The eight-time NBA All-Star joins host Mike Walters in Full Frame’s New York City studio to talk about his career, his role in bridging the culture gap between the United States and China, and his work as an animal activist.
Follow Yao Ming on Twitter to learn more about his work: @YaoMing
Harlem Globetrotters: Ambassadors of Goodwill
Listen to “Sweet Georgia Brown” and see if you can find a way to not smile. That’s one of the many reasons why the Harlem Globetrotters have continued to impress and entertain audiences around the world. For almost a century, the Globetrotters have been—as their name indicates—globe-trotting around the world, performing in over 200,000 exhibition games in 120 countries. In 2011, the organization opened offices in Beijing to increase their presence in China, one of the fastest growing basketball fan bases in the world.
When they’re not showing off their mastery of ball-handling on the court, they use their talents to engage with kids in hospitals and schools. Through the Smile Patrol, players visit 200 hospitals annually, using their tricks and charm to lift the spirits of patients and their families. As professional basketball players, the Globetrotters have a unique advantage when it comes to leaving a lasting impression on kids, which is one of the many reasons for the success of the ABC’s of Bullying Prevention program. Through the program, players teach students the ways to prevent and stop bullying, hoping to inspire them to stand up for themselves and others.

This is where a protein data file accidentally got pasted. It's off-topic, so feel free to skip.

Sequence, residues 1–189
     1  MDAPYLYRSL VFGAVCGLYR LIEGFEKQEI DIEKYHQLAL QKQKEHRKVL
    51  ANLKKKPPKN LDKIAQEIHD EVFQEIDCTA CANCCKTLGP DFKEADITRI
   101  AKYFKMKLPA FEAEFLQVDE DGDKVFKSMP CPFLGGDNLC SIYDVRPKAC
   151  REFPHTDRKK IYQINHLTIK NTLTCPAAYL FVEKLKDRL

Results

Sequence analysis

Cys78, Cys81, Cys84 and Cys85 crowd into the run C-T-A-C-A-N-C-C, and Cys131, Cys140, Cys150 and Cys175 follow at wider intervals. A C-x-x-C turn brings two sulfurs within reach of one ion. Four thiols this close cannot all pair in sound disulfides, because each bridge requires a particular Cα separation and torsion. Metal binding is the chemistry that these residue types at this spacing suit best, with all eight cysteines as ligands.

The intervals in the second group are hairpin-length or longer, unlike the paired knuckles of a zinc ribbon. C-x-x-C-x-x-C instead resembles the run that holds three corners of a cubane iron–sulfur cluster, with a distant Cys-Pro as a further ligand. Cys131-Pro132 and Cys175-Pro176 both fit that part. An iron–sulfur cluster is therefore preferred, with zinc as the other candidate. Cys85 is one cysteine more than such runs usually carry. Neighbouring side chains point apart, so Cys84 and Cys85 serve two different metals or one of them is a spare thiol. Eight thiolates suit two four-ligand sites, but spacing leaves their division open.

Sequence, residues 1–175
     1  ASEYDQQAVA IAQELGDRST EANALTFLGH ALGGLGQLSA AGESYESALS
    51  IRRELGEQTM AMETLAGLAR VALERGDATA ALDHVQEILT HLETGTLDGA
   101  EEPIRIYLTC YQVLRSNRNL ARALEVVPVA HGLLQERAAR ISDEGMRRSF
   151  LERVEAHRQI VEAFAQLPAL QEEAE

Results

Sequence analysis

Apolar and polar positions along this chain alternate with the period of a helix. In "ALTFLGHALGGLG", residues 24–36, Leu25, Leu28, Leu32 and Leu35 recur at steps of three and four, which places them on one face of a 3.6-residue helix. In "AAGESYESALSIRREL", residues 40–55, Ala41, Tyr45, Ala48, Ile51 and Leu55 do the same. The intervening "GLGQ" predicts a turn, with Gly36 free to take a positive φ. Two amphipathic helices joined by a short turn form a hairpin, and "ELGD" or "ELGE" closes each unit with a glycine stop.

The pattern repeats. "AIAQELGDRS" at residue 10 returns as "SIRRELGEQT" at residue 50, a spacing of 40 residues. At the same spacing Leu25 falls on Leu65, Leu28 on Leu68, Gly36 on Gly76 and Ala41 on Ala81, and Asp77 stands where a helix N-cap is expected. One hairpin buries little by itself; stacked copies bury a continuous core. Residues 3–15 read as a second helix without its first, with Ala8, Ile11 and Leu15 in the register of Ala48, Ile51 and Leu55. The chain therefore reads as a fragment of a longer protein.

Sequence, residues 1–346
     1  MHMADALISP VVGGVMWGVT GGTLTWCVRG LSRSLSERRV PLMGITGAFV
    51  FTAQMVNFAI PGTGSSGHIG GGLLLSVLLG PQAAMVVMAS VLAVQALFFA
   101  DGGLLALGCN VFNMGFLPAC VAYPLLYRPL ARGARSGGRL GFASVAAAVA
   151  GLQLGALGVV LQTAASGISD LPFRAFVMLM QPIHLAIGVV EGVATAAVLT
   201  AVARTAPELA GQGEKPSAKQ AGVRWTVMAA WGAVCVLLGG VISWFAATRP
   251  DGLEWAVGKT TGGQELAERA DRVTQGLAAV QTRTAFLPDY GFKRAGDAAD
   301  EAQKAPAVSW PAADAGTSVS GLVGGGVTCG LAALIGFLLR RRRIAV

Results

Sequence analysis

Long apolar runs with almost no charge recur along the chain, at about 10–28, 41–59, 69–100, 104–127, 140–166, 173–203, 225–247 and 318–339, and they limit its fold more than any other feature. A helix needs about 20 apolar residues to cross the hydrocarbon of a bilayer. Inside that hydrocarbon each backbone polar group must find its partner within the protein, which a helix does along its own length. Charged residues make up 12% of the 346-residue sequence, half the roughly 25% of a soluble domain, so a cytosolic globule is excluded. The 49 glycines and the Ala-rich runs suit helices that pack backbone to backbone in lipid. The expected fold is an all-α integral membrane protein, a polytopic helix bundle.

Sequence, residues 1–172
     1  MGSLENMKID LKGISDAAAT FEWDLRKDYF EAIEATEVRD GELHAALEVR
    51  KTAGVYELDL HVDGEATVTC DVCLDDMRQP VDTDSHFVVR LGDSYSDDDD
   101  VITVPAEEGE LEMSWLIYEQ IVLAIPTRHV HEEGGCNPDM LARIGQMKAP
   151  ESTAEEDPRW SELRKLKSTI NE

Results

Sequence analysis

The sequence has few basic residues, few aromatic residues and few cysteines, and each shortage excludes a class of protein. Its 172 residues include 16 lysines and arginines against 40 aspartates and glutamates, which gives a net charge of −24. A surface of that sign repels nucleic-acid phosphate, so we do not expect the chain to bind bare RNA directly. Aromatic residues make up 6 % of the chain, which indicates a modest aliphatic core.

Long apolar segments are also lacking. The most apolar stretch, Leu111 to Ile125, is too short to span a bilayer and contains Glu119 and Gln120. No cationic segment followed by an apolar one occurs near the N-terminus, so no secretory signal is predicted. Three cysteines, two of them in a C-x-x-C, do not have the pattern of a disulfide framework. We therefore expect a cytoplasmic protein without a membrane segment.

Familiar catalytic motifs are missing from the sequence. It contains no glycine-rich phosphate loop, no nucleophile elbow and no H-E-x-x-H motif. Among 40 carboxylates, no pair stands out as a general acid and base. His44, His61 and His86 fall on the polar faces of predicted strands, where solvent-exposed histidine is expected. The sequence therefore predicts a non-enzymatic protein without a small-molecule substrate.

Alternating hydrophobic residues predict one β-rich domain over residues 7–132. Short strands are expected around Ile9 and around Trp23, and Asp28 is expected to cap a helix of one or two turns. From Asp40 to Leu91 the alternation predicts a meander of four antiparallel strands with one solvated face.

Cheese Chisholm and Scooter Christensen join Mike to talk about what it means to be a Globetrotter and the impact of their Goodwill programs, and they even teach Mike one of their signature tricks.
Follow the Globetrotters on Twitter: @Globies
Follow Cheese Chisholm on Twitter: @11_SayCheese
Basketball: A Global Phenomenon
Over 35 years ago, former NBA Commissioner David Stern agreed to provide free broadcasting rights to China Central Television (CCTV). The risky agreement paid off, helping to build an estimated fan base of 450 million in China. Today, notable NBA players, such as Yao Ming, Lebron James, and Kobe Bryant are household names across much of Asia.
The booming popularity of basketball in China has echoed around the world, with the games regularly broadcast in over 215 countries and over 400 million social media followers. But why has basketball taken off globally in a way that other sports have not?
NBA analyst Jared Zwerling has the answer. The lifelong basketball fan has been featured on CBS Sports, Sports Illustrated, and ESPN for his in-depth and behind-the-scenes sports journalism. Currently, his insightful reporting can be found at BleacherReport.com.
Zwerling joins Mike in the studio to talk about basketball’s global presence, NBA’s creative strategies, and other growing trends in the sports world at large.
Follow Jared Zwerling on Twitter: @JaredZwerling
Kelly Towles: Embracing Differences, Fighting Intolerance
Finally, in this week’s Close-Up, Full Frame visits the studio of Kelly Towles. In the 1990’s, Towles began his street art career as an outlet for his troubled high school life. He started with traditional graffiti, but then started to incorporate characters, developing his own, unique style.
Towles’ characters are usually inspired by real life incidents, often with people that can only be described as bullies. He’s been able to channel these experiences and characters into his work for the Human Rights Campaign’s Anti-Bullying Initiative. Tune in to see how Towles brings his characters to life to bring comfort and encouragement to others.
Follow Kelly Towles on Twitter: @kellytowles